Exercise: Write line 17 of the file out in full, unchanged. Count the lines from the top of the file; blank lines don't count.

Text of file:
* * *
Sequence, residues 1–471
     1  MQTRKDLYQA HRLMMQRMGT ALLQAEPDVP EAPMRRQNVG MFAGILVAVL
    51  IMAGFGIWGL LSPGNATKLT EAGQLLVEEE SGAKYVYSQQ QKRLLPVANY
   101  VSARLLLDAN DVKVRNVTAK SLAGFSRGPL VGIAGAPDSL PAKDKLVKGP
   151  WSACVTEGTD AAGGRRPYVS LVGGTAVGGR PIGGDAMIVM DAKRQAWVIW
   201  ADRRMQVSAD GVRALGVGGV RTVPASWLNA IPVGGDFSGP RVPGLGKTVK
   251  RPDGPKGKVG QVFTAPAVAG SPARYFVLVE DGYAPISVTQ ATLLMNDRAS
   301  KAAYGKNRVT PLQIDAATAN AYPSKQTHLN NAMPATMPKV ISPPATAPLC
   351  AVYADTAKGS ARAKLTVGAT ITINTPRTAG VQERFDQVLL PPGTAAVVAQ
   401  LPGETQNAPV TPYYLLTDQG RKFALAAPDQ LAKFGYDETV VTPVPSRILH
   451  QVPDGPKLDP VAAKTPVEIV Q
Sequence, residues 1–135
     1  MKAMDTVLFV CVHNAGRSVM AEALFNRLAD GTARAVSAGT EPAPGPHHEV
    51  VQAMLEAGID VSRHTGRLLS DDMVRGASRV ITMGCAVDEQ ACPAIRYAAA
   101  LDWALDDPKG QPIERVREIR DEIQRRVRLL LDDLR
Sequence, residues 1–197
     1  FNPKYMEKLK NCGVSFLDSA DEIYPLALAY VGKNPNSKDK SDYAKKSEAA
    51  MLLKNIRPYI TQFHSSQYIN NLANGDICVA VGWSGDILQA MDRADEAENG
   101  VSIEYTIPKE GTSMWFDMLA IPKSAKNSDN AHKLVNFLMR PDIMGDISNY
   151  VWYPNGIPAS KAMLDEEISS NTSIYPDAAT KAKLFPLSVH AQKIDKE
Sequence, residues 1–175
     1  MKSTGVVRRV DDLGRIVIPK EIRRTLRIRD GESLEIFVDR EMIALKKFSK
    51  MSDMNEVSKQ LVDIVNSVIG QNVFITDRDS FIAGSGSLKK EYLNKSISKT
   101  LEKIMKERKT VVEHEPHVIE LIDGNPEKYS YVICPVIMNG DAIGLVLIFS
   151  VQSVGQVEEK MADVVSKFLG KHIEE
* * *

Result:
     1  FNPKYMEKLK NCGVSFLDSA DEIYPLALAY VGKNPNSKDK SDYAKKSEAA